2. Seamless experience. That same study revealed that consumers find the current approach of mobile ads annoying; in fact, survey respondents’ top request (at 68 percent) for future in- app advertising was for ads that do not interrupt app usage. This is critical context for mobile advertisers and platforms: know when to pick your spots and when to stay out of your user’s way.
  3. Engagement. Since consumers tailor mobile devices to suit personal interest with apps and content, ads too need to be engaging and directly targeted to suit the user’s interests. On mobile, it is paramount to provide consumers with ads that are relevant and add value.

As companies (advertising or otherwise) further integrate mobile into their strategy, it’s important they remember why mobile devices became so popular with consumers in the first place. If they keep those core principals in mind when approaching consumers, they’re much more likely to succeed.Many of the biggest Internet companies have spoken widely about mobile strategy and revenue. While these tech moguls reinforce that mobile is a valuable and growing space, they acknowledge there are growing pains as they work to monetize Internet entities in mobile — especially when it comes to advertising.

However, I’m continually pleased to hear executives from these companies use phrases like “not intrusive,” “adds value” and “enhances the experience” when outlining what they believe would make for a compelling mobile advertising experience.

As a matter of fact, this approach sounds a lot like what we have been saying for quite some time. And we know this user experience is achievable, since we pioneered and have been executing this type of advertising on mobile for years.

The vast majority of these companies are very smart, and they’re going to figure out the best ways to reach mobile users with advertising. However, it’s not that easy. Data shows that the advertising tactics that worked for the Web simply don’t translate to mobile. Mobile isn’t a miniaturized version of the Web; it’s an entirely new experience that is incredibly personal with its own method of engagement. Rather than scaling down Web solutions onto phones and tablets, we realized mobile is a unique medium that requires a unique solution.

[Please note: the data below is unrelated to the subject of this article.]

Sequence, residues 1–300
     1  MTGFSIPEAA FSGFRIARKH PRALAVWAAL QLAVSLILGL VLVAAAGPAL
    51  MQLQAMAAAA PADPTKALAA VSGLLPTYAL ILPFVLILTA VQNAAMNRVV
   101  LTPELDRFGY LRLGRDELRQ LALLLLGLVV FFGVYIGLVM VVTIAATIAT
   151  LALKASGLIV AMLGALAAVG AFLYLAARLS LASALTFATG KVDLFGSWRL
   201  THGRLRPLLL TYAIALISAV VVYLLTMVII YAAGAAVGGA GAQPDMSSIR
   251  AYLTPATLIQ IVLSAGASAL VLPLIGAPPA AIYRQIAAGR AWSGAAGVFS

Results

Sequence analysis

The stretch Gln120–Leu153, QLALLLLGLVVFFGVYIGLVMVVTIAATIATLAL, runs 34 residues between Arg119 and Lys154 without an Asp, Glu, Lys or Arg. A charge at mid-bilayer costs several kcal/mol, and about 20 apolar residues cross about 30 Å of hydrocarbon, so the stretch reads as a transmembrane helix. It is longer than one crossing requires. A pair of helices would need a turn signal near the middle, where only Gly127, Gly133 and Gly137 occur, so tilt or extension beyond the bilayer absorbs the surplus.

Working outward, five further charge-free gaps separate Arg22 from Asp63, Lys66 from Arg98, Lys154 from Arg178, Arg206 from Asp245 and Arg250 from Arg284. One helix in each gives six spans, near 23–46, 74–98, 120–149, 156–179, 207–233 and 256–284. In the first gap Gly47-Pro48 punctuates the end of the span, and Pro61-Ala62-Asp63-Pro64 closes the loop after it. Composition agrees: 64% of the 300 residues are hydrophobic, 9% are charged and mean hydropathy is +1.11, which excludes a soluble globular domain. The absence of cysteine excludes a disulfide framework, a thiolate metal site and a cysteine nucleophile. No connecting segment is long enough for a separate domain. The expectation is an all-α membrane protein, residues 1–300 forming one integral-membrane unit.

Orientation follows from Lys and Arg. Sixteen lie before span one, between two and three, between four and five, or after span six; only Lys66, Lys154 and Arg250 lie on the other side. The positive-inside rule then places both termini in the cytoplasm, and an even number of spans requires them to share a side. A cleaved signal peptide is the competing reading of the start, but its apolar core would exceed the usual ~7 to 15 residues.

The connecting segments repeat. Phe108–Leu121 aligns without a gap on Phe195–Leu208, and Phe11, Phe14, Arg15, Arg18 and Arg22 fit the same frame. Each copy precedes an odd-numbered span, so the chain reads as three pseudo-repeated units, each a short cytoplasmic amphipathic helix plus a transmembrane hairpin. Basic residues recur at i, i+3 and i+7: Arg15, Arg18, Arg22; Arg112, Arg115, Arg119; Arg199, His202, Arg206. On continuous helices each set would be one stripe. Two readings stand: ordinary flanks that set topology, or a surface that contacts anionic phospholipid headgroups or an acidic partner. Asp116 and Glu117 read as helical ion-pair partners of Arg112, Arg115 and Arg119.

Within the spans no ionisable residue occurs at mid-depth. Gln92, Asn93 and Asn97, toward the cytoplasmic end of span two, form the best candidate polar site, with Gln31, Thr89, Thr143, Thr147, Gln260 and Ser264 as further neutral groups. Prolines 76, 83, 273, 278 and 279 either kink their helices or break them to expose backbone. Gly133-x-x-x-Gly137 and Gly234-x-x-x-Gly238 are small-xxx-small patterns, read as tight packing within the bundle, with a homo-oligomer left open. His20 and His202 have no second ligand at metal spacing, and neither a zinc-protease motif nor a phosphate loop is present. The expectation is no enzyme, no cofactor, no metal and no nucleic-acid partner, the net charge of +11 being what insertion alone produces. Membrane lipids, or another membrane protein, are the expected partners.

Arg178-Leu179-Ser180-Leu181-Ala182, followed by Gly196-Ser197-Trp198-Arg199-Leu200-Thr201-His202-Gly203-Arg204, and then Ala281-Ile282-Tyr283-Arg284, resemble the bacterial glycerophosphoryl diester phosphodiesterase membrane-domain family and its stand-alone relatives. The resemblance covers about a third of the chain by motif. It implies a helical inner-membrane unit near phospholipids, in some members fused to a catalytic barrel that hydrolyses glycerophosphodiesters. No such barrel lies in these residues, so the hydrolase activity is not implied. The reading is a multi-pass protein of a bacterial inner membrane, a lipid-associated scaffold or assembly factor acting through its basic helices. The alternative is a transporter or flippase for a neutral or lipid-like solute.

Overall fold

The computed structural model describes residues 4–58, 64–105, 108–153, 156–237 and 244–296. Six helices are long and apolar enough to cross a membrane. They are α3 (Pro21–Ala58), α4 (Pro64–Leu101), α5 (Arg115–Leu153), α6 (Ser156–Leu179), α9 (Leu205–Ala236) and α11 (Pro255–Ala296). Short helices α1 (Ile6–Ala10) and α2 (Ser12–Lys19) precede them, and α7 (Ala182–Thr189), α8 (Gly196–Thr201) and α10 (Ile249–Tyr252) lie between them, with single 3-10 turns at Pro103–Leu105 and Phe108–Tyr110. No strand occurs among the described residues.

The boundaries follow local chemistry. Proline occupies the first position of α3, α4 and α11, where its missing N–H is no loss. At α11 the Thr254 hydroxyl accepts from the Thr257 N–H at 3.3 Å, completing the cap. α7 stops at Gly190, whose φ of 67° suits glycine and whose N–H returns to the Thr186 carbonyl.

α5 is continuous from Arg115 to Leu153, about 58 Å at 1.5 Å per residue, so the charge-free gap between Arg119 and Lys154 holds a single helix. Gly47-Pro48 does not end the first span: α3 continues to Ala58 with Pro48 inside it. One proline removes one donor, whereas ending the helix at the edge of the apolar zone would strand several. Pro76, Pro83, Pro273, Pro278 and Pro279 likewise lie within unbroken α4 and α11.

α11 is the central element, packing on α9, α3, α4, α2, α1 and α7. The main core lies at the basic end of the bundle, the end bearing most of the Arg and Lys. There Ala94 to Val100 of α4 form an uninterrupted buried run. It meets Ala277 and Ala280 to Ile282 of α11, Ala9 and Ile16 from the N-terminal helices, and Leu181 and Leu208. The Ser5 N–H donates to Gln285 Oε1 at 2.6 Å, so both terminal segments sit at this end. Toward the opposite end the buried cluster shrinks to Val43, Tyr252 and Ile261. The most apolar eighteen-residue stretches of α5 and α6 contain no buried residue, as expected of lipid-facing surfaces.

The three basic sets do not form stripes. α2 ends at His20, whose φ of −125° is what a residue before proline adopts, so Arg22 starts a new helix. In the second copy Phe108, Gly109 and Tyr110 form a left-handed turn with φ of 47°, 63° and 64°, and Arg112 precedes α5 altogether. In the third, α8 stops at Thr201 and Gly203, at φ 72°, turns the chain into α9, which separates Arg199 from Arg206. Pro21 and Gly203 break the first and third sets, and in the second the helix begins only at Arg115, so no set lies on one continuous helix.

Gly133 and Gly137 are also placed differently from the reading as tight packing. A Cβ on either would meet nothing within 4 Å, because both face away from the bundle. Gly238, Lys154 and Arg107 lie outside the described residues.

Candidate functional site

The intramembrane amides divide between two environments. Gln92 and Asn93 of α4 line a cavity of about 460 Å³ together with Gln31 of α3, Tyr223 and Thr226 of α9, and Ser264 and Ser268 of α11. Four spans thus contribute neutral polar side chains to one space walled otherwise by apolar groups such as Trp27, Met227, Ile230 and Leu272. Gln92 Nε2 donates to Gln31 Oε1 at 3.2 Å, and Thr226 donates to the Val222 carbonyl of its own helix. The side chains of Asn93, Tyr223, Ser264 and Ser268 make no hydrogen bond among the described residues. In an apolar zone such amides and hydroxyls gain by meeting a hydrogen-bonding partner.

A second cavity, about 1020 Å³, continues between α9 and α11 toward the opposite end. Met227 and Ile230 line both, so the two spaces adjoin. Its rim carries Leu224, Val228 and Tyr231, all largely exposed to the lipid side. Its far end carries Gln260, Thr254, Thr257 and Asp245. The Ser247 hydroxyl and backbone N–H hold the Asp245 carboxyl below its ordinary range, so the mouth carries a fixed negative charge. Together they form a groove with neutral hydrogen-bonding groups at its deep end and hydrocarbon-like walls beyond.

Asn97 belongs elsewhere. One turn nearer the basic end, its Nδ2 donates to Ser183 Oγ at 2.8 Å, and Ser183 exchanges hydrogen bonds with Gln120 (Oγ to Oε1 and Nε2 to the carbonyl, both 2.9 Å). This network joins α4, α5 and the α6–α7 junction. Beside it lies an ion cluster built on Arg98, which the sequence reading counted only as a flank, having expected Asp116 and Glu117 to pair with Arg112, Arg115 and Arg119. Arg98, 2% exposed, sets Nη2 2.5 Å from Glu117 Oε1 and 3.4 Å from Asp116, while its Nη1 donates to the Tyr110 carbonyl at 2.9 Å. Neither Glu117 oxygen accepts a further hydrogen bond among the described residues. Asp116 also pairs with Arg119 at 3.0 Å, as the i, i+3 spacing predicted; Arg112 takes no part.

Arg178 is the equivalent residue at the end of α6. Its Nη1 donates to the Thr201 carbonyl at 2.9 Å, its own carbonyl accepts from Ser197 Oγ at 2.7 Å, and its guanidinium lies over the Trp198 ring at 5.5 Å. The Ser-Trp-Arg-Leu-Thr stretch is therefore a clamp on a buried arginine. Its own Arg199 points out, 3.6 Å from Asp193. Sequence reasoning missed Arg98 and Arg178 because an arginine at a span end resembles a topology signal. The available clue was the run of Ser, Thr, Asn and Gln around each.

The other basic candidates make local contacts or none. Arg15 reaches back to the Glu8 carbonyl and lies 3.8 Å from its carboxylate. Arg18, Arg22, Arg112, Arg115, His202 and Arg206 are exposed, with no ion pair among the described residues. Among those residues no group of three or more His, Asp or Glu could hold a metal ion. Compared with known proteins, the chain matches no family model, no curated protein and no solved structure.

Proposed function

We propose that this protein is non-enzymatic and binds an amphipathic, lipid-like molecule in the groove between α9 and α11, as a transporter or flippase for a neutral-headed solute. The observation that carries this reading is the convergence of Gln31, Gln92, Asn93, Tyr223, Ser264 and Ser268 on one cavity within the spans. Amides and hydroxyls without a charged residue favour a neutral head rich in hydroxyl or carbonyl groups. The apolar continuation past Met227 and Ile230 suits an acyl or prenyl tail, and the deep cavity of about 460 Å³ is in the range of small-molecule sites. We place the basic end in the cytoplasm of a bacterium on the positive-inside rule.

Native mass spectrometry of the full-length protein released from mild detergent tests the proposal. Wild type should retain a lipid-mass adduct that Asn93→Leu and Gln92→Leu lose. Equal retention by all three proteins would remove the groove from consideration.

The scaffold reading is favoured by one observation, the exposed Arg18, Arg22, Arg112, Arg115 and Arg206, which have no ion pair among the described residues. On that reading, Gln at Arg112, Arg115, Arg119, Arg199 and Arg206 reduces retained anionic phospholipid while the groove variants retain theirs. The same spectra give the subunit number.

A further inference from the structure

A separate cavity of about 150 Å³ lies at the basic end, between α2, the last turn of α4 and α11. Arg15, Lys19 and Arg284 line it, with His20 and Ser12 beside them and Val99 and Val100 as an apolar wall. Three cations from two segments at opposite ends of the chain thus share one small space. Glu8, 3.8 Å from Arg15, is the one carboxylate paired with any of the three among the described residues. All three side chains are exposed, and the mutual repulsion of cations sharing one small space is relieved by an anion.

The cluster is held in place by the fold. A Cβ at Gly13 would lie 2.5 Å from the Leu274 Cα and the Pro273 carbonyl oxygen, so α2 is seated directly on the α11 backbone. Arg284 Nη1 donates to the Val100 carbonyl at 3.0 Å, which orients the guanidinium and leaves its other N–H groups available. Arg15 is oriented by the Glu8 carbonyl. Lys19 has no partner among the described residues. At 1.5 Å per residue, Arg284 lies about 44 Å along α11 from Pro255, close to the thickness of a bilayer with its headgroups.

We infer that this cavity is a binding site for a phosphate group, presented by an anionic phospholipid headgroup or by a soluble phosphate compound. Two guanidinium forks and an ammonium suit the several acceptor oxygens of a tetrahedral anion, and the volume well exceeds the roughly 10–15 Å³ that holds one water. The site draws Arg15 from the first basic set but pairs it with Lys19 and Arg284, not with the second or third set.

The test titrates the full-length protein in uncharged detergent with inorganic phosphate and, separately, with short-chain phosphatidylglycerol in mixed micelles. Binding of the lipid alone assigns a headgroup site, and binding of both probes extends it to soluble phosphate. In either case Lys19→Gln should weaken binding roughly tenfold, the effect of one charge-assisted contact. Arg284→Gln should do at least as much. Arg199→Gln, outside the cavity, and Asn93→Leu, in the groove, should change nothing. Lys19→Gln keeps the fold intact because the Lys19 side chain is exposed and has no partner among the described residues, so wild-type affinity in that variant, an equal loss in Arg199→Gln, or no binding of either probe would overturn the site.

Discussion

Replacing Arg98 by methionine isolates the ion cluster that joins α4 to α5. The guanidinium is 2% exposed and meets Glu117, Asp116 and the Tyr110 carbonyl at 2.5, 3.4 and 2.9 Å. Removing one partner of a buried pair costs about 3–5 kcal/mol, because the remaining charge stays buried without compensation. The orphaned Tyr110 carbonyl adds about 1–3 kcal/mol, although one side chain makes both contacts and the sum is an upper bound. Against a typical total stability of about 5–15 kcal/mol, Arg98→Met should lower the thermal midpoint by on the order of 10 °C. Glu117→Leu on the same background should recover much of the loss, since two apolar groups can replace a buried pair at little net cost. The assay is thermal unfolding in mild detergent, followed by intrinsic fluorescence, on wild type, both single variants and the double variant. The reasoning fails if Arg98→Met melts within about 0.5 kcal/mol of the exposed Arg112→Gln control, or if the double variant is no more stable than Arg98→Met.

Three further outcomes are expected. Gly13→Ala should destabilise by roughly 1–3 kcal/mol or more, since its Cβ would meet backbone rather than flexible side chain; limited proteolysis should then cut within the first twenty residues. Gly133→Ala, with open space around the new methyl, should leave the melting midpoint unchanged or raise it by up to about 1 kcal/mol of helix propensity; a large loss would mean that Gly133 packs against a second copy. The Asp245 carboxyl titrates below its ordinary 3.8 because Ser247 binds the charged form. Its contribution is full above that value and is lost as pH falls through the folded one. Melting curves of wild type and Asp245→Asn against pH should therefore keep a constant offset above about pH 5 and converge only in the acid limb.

To that end, we’ve seen what works when it comes to mobile advertising. Our perspective is that the mobile advertising experience should be built on three key pillars to achieve success with consumers:

  1. Choice. Users have told us that they don’t like to be surprised or bombarded with advertisements on mobile devices. With Tapjoy, we took a different approach to advertisements: in order to earn premium content, app users choose when they want to engage with advertisements, and then which advertising to engage with. We know consumers love this model: according to a recent Forrester study commissioned by Tapjoy, handing control to the consumer for their in-app advertisements can lead to higher attention levels and relevancy.
  2. Seamless experience. That same study revealed that consumers find the current approach of mobile ads annoying; in fact, survey respondents’ top request (at 68 percent) for future in- app advertising was for ads that do not interrupt app usage. This is critical context for mobile advertisers and platforms: know when to pick your spots and when to stay out of your user’s way.
  3. Engagement. Since consumers tailor mobile devices to suit personal interest with apps and content, ads too need to be engaging and directly targeted to suit the user’s interests. On mobile, it is paramount to provide consumers with ads that are relevant and add value.